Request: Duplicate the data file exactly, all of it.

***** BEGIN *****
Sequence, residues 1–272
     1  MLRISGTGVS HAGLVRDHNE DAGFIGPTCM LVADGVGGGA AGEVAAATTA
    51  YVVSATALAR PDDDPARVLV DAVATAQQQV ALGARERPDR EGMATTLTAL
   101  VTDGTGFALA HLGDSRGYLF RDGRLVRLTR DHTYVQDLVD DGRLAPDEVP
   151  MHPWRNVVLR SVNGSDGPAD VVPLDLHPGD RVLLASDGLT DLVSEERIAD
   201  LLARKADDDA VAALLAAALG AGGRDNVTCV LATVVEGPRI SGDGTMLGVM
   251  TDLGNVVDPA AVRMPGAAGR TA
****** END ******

Sequence, residues 1–272
     1  MLRISGTGVS HAGLVRDHNE DAGFIGPTCM LVADGVGGGA AGEVAAATTA
    51  YVVSATALAR PDDDPARVLV DAVATAQQQV ALGARERPDR EGMATTLTAL
   101  VTDGTGFALA HLGDSRGYLF RDGRLVRLTR DHTYVQDLVD DGRLAPDEVP
   151  MHPWRNVVLR SVNGSDGPAD VVPLDLHPGD RVLLASDGLT DLVSEERIAD
   201  LLARKADDDA VAALLAAALG AGGRDNVTCV LATVVEGPRI SGDGTMLGVM
   251  TDLGNVVDPA AVRMPGAAGR TA